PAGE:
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The VHSL has limited the number of innings a player can throw in a week.
The Roanoke Times | File 2012
Cave Spring's Clayton Benton, along with the rest of the pitchers in Timesland, will be competing under new inning counts for the 2013 high school system.
Wednesday, March 13, 2013
With the coming of the new baseball season, there are some new regulations — and some will likely have an impact on most teams at some point this spring.
Pitching arms, always highly valued and occasionally endangered in high school baseball, will be safer as a result of a recently announced Virginia High School League rules change.
Regulations to limit the number of deliveries one pitcher may make in competition during a given amount of time were announced recently. The hope is the new statute will eliminate the possibility of a player being overpitched to the point of injury to his arm.
Rule 56-1-1 states in part: “A pitcher may pitch in a maximum of nine innings in one day but not more than fourteen innings in any seven day consecutive period.”
The new rule will be included in the baseball regulation section of the next VHSL Handbook, which publishes in August. Because the rule was passed as emergency legislation, it is installed in time for the 2013 season. The rule replaces that of the same number in the current handbook: “A pitcher shall not pitch in more than ten (10) innings in any two consecutive calendar days.”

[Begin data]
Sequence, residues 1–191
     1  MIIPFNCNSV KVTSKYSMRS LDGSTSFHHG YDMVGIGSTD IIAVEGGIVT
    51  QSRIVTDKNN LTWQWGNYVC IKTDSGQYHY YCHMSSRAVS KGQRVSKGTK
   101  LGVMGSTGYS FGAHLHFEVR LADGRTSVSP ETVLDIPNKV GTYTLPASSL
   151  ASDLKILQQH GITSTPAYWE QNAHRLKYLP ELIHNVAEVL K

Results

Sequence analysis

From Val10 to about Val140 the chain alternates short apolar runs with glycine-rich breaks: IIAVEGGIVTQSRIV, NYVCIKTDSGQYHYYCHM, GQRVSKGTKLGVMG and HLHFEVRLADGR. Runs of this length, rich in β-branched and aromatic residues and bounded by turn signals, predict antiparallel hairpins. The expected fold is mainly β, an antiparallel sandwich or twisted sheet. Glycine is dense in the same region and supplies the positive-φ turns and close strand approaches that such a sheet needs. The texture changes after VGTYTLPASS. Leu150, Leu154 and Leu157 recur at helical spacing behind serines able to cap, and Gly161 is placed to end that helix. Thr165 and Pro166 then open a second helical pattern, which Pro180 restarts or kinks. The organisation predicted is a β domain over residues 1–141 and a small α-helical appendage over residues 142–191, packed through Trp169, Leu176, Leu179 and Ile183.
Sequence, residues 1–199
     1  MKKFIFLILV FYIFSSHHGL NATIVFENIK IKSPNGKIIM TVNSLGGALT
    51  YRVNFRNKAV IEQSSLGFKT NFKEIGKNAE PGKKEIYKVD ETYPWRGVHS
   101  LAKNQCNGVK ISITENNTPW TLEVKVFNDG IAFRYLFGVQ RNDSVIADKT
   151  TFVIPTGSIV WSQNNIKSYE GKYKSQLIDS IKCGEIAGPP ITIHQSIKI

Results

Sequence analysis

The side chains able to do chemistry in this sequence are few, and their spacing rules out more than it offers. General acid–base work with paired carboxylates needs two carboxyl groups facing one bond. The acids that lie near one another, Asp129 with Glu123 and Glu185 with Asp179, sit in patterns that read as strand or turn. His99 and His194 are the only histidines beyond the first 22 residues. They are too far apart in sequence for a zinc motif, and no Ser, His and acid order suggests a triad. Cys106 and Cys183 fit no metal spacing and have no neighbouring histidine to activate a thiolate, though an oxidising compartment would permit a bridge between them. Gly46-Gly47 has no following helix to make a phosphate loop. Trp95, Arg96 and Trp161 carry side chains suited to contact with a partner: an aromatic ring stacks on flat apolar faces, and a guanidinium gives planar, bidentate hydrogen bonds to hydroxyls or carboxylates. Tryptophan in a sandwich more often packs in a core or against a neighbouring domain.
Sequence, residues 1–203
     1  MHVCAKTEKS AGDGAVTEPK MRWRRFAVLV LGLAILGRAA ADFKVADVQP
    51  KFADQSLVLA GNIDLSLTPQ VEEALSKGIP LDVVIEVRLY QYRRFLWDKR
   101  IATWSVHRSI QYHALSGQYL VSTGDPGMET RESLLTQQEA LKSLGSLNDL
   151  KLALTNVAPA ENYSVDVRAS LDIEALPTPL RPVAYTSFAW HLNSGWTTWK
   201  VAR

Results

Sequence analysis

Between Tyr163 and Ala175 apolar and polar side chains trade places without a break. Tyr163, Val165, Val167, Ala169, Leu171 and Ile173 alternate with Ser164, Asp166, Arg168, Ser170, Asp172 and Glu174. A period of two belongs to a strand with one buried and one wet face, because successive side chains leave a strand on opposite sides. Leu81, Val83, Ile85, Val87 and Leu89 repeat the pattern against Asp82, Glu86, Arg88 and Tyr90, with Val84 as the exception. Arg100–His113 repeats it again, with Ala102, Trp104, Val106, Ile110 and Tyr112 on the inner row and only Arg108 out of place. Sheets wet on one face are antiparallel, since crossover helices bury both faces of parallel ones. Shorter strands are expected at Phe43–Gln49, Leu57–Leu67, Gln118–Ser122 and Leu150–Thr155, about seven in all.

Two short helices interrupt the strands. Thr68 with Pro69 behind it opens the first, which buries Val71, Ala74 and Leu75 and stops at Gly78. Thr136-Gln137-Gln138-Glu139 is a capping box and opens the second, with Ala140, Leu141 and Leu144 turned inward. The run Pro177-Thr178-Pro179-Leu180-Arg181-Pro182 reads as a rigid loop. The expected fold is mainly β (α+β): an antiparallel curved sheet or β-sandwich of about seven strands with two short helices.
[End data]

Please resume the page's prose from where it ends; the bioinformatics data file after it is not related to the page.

A rule based on the best interests of the athlete was applauded by a sampling of Timesland coaches.
“Good,” said Jefferson Forest’s Jim Thacker, summing up the sentiments voiced by his colleagues.
All of those coaches said their pitchers had been limited in the amount of pitches they were allowed to throw in a given period.
“It’s not really going to affect us a whole lot,” Auburn coach Skip Thompson said. “We don’t use any of our starters more than once a week anyway. Even if we have three games, we try to use three different guys.”
A pitcher being limited to 14 innings in seven days is nothing new for Glenvar coach Billy Wells.
“I don’t ever use a kid that much anyway,” he said.
Questions arose when it came to the execution of the new rule.
“Biggest question I have is how it’s going to be monitored,” Thacker wrote in an email.
It will be a self-policing system as with other VHSL rules, such as a game suspension followed by an ejection, said Tom Dolan, VHSL athletics director and the ramrod of the new legislation.
“It’s just like eligibility and anything else,” he said. “If you feel like you have violated, it is incumbent upon you to let us know.”
It’s a proven enforcement method with built-in checks and balances, in Dolan’s view.
“You’re going to get cooperation from the schools. Our schools are good about that.”
Furthermore, opposing teams will be part of the monitoring. They’ll know how many innings the opposing pitcher works in a game, Dolan said.
Accurate record keeping will be crucial but simple.
“All you’ll need is your scorebook,” Dolan said.
The previous rule was based on the assumption that most teams play two games a week during the regular season.
“Our current rule that is on the books allows pitchers to pitch five innings a day every day and unless you got into a rain situation and you’re only averaging two games a week,” he said. “But there were times when, because of weather, you got into three or four games a week.”